Miles sends message of hope to Indianapolis 500 fans
Mark Miles, president and CEO of Penske Entertainment Corp., owners of IndyCar and Indianapolis Motor Speedway, has sent a letter of encouragement, via the 'Indy Star', to fans who would normally spend the Sunday of Memorial Day Weekend either attending or watching the Indianapolis 500.
Since 1974, Indy 500 has run (weather allowing) on the Sunday of Memorial Day Weekend rather than the closest weekday (never on Sunday) to May 30th.
However, the coronavirus pandemic, which has so far caused more than 1,669,000 Covid-19 cases and almost 99,000 deaths in this country, long ago persuaded IndyCar to postpone the race until Aug. 23.
As per the latest schedule, the 2020 NTT IndyCar Series will start on June 6 at Texas Motor Speedway, with the IMS road course due to host the second round – on an IndyCar/NASCAR double-bill weekend – on July 4.
The 104th running of the Indianapolis 500 will serve as the eighth round of the still tentative 14-round season, with the field then due to return to the IMS road course for the Harvest Grand Prix on Oct. 3, which will be the series’ penultimate round. However, Motorsport.com is given to understand that this October slot can also serve as a back-up date for if the 500 needs to be further postponed, or if Indiana state laws still don’t allow fans to gather in great numbers by late August.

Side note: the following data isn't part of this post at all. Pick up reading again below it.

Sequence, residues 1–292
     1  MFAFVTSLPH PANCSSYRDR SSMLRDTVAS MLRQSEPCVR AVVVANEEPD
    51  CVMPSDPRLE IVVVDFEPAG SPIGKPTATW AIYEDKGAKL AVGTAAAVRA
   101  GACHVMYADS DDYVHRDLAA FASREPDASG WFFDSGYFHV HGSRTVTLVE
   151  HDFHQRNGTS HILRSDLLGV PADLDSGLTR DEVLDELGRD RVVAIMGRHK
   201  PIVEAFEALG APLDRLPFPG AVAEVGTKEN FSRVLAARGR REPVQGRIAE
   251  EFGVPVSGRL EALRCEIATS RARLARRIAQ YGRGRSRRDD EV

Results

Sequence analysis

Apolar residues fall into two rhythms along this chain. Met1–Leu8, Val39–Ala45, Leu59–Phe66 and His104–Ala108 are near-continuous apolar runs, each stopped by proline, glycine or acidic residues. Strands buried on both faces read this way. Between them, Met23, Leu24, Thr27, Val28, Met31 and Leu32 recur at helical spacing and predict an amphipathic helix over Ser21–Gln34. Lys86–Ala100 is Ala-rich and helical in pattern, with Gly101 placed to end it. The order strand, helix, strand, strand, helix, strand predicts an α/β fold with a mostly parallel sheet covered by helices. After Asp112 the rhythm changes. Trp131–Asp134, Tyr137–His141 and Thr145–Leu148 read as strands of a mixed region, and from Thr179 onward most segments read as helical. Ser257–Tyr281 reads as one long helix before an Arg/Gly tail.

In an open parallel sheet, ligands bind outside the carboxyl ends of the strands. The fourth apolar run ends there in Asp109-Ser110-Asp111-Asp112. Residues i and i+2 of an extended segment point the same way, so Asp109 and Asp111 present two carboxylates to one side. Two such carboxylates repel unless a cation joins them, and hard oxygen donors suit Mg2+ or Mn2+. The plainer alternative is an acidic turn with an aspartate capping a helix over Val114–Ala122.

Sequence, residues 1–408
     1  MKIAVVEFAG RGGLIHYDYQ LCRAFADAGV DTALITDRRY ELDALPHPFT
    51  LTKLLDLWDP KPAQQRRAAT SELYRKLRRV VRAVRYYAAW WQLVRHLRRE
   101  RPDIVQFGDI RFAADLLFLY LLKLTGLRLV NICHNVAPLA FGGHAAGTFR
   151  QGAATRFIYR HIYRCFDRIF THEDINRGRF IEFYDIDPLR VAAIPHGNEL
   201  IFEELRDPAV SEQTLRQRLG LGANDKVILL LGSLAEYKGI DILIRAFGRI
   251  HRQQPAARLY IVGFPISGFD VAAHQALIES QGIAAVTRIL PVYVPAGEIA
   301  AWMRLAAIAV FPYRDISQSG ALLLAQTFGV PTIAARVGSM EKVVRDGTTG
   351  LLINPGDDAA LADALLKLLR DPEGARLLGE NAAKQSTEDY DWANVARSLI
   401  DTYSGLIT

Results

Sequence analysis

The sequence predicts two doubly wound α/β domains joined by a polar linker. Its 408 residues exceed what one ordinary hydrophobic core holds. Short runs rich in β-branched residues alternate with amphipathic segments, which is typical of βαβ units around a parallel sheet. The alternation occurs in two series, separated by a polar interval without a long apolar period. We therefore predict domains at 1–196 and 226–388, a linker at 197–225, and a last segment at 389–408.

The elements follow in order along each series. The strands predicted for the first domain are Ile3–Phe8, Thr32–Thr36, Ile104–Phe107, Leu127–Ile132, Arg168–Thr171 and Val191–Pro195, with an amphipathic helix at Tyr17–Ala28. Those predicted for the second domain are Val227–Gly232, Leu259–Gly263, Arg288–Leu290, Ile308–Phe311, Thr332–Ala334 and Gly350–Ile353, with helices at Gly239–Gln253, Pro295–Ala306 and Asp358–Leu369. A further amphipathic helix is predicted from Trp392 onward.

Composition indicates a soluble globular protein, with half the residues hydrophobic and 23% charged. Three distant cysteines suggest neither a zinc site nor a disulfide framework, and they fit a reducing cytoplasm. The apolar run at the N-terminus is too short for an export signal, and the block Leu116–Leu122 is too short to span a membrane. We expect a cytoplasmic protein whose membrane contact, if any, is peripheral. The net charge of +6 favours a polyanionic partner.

In a letter to Indy Star readers, Miles wrote: “At IMS and IndyCar, we never once considered sitting this time of year out. Without a race to run over Memorial Day weekend, we’ve doubled down on community engagement and support and opened our venue as a place to provide relief and comfort…
“We’re also working toward our racing events, preparing tirelessly for the Brickyard 400 over July 4th weekend and the Indy 500 on Sunday, Aug. 23. This involves endless contingency planning and many late nights. But getting there will be worth it, because getting our fabled racetrack back on track is part of the larger and much more important effort to get our city and state up and running again. Tens of thousands of jobs rely on the motorsports industry in Indiana. Finding ways to return to racing in partnership with state and city leaders and public health officials will accomplish a lot of good."
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